Alpha Flight #41 (1986, December)
I finally get to finish off 1986. By Mantlo and Ross, “It’s Not Easy Being Purple.”
The story starts in a Toronto suburb, as a 13-year-old girl slips back into her apartment at 3 am. She runs a bath, and her mom comes in to find the girl has purple skin. The girl, Kara, is a little freaked out, and her mom says it’s time she learned about her father. Also, Kara has photos of Northstar taped to her mirror. Is that a thing girls do? Tape photos of cute guys to their mirrors? You see that all the time in fiction, but I’ve never been a teenage girl, so I have no idea if it’s a real thing.
At Alpha HQ, they’re finishing up a meeting. Northstar says some of them have lives outside Alpha, and Puck wonders if he has a life without Heather. Because Mantlo would not let Puck have any personality at all beyond pining after Heather. Because Mantlo sucked. Anyway, Heather nominates Jeffries for membership in Alpha Flight. Aurora offers to design his costume, and when Northstar makes a snide comment, she makes a subtle jab at his homosexuality. Northstar then says he’s resuming his skiing career, in exhibition meets, since his power would make it impossible to compete fairly. He also points out that he doesn’t really understand why he shouldn’t use his natural gifts the same way every other athlete does. A fair point.
A week later, Kara has given herself a bit of a punk makeover, and is in Banff to watch Northstar ski. As he skis, he has a flashback to his early life. He was a champion skier by 13, but then his power activated, and took all the challenge out. He got bitter and quit, then went to college and joined the FLQ. He curses his power and says he envies humans. Ugh. Uuuuuugh. Why do mutants always have to hate their powers? It was especially common back then. The only mutants who delighted in their powers were the bad ones, while any good mutant wished they were just like everyone else. And now Mantlo brings that to a mutant who had never shown any shame or regret over his power.
Anyway. Kara runs into the bathroom. A woman knocks on the door, and Kara tells her to jump off a cliff. The woman’s skin turns purple and walks away. Then we learn Kara’s origin: Her father was the Purple Man, Zebediah Killgrave. He took a liking to Kara’s mom and forced her to marry him. He ended up falling in love with her, and released his hold in the hopes she’d love him, but hey! Turns out women don’t like being raped! I guess I should congratulate Mantlo on getting that, considering some comic stories did manage to forget that. (I’m looking at you, Avengers #200!) Back outside, the woman jumps off a cliff, and Northstar saves her. Kara realizes she made the woman do it.
In the meantime, one of the skiers Northstar competed against is pissed off that Northstar’s a mutant. I guess he’d kept his identity a secret until now. He declares he’ll never ski again, and walks off. Kara follows him, and tries to talk to him. He tries to brush her off, so she uses her power on him, and takes him back to her hotel room. She asks him for exotic flowers, and he flies her to some island somewhere. She decides they should go swimming. She sees a crocodile and cries for him, but diving into the water has released him of her control. He does rescue her, then demands some answers. Once he hears her story, he tells her she’s not a freak. I know I, for one, would be fine with dating a girl with purple skin. Unless she’s choking. Then I’d try to help her. Anyway, she tells him to take her to Alpha Flight.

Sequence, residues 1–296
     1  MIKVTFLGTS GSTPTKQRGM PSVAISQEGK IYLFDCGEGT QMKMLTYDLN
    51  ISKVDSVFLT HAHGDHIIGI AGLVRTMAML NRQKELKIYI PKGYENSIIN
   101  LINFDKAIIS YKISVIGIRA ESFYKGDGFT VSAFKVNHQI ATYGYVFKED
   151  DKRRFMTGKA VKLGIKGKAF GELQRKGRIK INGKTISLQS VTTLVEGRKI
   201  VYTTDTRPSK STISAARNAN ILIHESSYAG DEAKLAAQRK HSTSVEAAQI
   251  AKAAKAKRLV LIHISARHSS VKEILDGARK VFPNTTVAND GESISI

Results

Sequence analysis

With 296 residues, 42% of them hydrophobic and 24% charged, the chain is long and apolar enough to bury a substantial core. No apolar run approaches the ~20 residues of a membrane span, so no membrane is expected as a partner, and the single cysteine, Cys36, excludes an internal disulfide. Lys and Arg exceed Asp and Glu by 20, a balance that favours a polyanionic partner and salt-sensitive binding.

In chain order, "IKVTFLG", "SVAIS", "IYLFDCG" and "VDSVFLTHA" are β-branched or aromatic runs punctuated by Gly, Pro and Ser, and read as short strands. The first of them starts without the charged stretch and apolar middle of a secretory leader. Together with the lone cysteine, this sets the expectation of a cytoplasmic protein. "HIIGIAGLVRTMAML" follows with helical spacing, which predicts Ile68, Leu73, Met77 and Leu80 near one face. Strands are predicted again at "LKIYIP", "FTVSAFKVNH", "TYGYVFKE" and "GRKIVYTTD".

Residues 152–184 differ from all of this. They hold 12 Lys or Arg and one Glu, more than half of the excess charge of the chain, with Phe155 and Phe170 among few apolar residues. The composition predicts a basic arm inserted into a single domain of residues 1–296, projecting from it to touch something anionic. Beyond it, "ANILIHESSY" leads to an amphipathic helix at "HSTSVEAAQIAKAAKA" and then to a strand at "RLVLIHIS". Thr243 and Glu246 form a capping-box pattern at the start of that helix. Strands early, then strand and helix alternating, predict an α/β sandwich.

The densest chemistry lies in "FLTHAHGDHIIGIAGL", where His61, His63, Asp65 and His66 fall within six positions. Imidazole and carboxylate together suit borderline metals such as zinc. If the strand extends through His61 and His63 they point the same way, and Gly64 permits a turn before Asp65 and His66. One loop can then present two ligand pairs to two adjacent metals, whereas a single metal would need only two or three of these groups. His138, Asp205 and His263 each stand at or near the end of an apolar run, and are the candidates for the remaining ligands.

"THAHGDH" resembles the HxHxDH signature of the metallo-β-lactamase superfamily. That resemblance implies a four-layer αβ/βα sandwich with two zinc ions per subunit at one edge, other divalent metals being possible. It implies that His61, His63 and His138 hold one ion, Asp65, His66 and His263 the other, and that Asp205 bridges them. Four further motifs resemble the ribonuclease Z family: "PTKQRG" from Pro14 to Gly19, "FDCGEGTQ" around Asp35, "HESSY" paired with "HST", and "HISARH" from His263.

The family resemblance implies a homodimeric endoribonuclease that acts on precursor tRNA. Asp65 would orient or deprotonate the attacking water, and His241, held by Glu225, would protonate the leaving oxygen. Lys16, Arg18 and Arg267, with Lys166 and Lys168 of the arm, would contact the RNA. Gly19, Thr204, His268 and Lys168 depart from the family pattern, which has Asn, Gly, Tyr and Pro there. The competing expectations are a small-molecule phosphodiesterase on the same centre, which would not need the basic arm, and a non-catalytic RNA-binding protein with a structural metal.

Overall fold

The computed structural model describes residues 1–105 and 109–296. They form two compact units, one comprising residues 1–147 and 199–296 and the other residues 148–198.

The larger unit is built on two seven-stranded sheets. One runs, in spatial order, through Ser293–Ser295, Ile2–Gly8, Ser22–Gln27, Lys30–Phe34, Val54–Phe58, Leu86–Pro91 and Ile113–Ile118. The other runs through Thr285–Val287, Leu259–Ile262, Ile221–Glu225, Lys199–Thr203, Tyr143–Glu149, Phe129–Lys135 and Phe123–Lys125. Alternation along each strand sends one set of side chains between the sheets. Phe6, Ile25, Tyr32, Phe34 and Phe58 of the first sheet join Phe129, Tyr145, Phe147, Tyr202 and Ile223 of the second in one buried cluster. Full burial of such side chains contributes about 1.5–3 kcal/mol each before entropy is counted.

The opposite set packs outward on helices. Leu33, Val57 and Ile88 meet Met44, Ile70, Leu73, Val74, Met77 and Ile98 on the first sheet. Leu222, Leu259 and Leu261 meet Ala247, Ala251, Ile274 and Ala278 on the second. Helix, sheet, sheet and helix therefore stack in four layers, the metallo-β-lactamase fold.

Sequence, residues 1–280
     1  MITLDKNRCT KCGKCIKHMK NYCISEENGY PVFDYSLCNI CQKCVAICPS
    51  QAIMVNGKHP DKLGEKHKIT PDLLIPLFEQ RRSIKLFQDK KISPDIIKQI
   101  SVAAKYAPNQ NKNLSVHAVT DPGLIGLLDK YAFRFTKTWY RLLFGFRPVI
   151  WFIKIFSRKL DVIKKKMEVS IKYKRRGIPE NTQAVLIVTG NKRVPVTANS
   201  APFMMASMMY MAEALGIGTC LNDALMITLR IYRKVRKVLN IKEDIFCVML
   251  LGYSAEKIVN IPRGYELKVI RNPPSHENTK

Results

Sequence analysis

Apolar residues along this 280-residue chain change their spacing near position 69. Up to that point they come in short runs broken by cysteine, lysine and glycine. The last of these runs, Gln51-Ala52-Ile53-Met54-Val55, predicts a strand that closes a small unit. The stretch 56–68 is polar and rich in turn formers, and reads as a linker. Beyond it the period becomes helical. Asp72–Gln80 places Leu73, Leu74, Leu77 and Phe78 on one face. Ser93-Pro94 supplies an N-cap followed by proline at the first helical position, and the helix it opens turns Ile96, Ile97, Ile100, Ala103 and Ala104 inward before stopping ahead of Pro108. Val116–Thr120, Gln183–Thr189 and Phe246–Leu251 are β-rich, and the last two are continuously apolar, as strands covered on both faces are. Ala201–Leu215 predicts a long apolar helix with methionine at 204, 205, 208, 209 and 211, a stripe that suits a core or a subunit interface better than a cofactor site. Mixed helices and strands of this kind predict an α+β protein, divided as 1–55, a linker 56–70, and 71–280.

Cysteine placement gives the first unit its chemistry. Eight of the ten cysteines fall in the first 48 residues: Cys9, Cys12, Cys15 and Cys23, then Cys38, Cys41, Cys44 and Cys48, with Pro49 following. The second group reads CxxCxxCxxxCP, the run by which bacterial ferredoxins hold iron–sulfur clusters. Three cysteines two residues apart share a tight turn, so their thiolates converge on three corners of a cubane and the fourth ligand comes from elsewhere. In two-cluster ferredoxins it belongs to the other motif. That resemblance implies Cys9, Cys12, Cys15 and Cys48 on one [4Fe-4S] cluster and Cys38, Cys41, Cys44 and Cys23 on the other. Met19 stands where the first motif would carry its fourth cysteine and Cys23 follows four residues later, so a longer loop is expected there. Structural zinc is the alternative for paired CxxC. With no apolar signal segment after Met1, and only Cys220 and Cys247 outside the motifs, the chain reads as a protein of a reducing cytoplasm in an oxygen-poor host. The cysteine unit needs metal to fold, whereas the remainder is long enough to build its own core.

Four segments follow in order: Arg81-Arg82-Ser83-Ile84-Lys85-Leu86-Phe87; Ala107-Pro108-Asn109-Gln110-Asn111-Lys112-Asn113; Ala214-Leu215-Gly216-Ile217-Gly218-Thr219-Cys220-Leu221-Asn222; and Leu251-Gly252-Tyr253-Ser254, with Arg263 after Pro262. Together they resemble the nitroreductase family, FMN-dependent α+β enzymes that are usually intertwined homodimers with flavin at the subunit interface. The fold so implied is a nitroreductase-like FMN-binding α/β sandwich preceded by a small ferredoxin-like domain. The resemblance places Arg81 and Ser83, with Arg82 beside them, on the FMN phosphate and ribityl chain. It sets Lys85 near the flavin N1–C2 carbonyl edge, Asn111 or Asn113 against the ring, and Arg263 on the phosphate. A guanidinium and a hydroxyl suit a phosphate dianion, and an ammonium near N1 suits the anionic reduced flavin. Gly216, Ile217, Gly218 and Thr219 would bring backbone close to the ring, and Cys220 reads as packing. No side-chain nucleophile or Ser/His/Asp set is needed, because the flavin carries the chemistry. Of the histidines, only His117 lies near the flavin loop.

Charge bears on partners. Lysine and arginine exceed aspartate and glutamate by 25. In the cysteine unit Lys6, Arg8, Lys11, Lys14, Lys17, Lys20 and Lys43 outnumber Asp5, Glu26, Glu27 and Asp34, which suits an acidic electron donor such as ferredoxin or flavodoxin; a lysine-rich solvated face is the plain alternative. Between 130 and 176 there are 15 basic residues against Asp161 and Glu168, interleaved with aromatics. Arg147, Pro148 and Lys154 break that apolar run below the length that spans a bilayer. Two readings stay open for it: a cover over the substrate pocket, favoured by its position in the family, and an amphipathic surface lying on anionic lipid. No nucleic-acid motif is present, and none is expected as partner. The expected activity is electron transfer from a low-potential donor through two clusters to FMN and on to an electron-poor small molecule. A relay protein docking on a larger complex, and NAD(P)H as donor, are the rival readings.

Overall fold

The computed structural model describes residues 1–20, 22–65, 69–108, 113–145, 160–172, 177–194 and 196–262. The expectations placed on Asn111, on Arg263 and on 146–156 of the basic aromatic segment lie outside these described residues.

Purple Girl! I actually do kinda like her, I’ll admit. I’m not entirely sure why. She just seems like a sweet kid. It helps that Ross doesn’t draw her as the typical comic book sexpot. She looks like a girl just entering her teens. There are a few panels here and there where she looks older, but it’s not a big deal. Mantlo writes her as a sweet girl. Unfortunately, he writes Northstar as a self-loathing mutant, and that’s not OK. He writes Northstar pretty well out of character here. The confidence and rebelliousness are missing. There is one bit I almost like, though, where Northstar says that instead of joining Alpha Flight, he should have fought to live in the human world. It’s not made clear, though, if he meant living openly as a mutant. Because, yeah, Northstar should have been using his celebrity to push for mutant rights. Though Alpha Flight isn’t really about the mutant plight, I suppose. It’s mostly about a bunch of unstable heroes defending the most evil country in the Marvel Universe. As a final note on the writing: Holy shit, Mantlo, having Puck’s sole contribution to the issue be him pining for Heather was ridiculous. If Puck isn’t going to play a role in an issue, that’s OK. You don’t need to still find a way to shoehorn in the fact that he’s in love with Heather.
The art is OK. Ross is a very uneven artist, I find. Most of the time, his art looks fine. But there are panels that are just plain weird. But all in all, it’s fine. Perfectly adequate art.
This isn’t a bad issue. It’s one of the better issues of Mantlo’s Alpha Flight. It may not be a good sign, though, that the book is better when Mantlo doesn’t use any of the characters. If the only way for him to make the book readable is to write about a totally different character, that’s probably an indication that it’s a shit book.
And on that note, I’m done with 1986!
And I mentioned it last week (I think), but I may as well mention it again: If you’re into tabletop RPGs, Masks: A New Generation still has a few hours left. It had an initial goal of $4000. It’s now passed $100 000. You’ve still got a few more hours if you want to make a pledge and get a copy of the game. $10 for a PDF, $30 for a softcover.